Question: How To Lose Baby Fat

Hi Lisa I have a small baby about 6 months now and I am struggling to loose the baby fat, please recommend for me excersise and diet to assist me.


Hi there! It’s important to remember that there is no such thing as spot training, and you need to work on full body fitness before you’ll see it in the places you want.

Practise high intensity cardio and interval training.
Shaking up a steady-state cardio routine to one that is varied and explosive has been proven to target more abdominal fat. This is perhaps because you will not only burn more calories during the session, but afterwards as well. The exertion of varying intensities will stimulate your body’s repair cycle more than if you were going for a steady state run. This means more fat and calories burnt for up to 24 hours after training.

– Switch up your usual run with 20 seconds of sprinting followed by 60 seconds of jogging or walking. Repeat these intervals 15-20 times each session. As you progress the 20 secs can become 30-40 secs and the rests can reduce to 20- 30 secs.
– Don’t switch all your cardio sessions to high intensity interval training. Aim for two sessions a week, along with one or two regular 30-60 min cardio sessions.

Compound movements for lean mass and increased metabolism.
Strength training plays a critical part in toning your abs, as well as the rest of the body. Muscle requires fuel to operate, so the more lean muscle you have, the more calories you burn throughout the day, and the higher your metabolism. Compound exercises are multi-jointed movements, while isolation exercises only use one. Many people accredit isolated exercises to significant results, but compound exercises are responsible for greater calorie burns during sessions as well as increasing lean muscle tissue at a greater rate, therefore improving your resting metabolism.

Be sure to incorporate compound movements into your strength training sessions, don’t only focus solely on your ab exercise.

Target the abs – ALL of them!
The abdominals are made up of different muscles on the front, side and middle of the abdominal area. Yet, so often we focus only on the desired ‘six-pack’. Targeting all three of these muscle groups is crucial when it comes to sculpting your abs.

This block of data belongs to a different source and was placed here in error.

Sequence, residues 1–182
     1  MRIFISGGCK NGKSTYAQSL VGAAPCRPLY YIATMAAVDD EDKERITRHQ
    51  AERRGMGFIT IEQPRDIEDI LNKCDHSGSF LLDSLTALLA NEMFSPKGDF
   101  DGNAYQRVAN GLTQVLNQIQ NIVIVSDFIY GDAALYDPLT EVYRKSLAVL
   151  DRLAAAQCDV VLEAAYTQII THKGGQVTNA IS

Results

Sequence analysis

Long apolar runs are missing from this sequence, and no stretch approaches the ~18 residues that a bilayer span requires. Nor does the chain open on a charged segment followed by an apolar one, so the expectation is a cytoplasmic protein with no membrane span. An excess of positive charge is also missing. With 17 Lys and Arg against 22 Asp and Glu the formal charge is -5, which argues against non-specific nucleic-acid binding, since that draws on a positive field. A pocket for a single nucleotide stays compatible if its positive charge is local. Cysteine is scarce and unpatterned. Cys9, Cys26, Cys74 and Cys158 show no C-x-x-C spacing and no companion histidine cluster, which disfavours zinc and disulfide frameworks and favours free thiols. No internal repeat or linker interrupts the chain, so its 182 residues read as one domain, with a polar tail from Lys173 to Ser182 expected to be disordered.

Rectus abdominis – This is the flat muscle running from the chest to pelvic area, popularly referred to as the ‘six pack’.

Internal and external obliques – They are located on either side of the body, attaching on to the ribs. You’ll feel these when you turn and twist your torso. These are responsible for creating that hourglass look in the torso.

The transverse abdominis – This internal muscle forms the innermost layer of the abdominal wall. Tightening and firming this muscle is the key to flatter abs, and is the FIRST muscle to focus on when working on your abs. Proper form during all ab exercises is essential, where these muscles are always pulled in during each contraction. Imagine you are pulling your belly button in towards your spine. 

Nutrition Tips
Diet plays the most important role in getting back into shape, and flattening your tummy is no different.

– Simplify your eating patterns. Too much wheat, sugar, alcohol or processed food will have a direct effect on the shape of your stomach. Eating less of these and more high fibre foods will promote a healthier digestive system and help fight the jelly belly.
– It may seem like a contradiction, but it takes plenty of water to beat the bloat. If you aren’t getting enough, your body will hold onto fluid to fight dehydration. 250 ml for every 10 kgs of your body weight is your minimum daily requirement.
– Eat more probiotic yoghurt or take a probiotic supplement. This speeds up the digestion process so that food has less time to sit in your system, meaning a flatter tummy overall.
– Say no to salty snacks. Foods like crisps and pretzels cause your body to retain water in an effort to dilute your sodium levels. Try keeping your salt intake down to 2000mg day.
– Don´t forget the fibre! Women in particular need at least 25 grams to aid digestion, yet many of us barely take in half that amount. Apart from bran, fruits like strawberries, blueberries and dried fruits are filled with fibre. Don´t be too hasty, though, as too much fibre can cause constipation – ease it into your diet slowly, particularly during breakfast time.
– Hold back on the beans – and cruciferous veggies like cauliflower and cabbage. These contain sugars some people struggle to digest. Don’t forego them entirely, simply minimize your helpings down to half a cup at a time.

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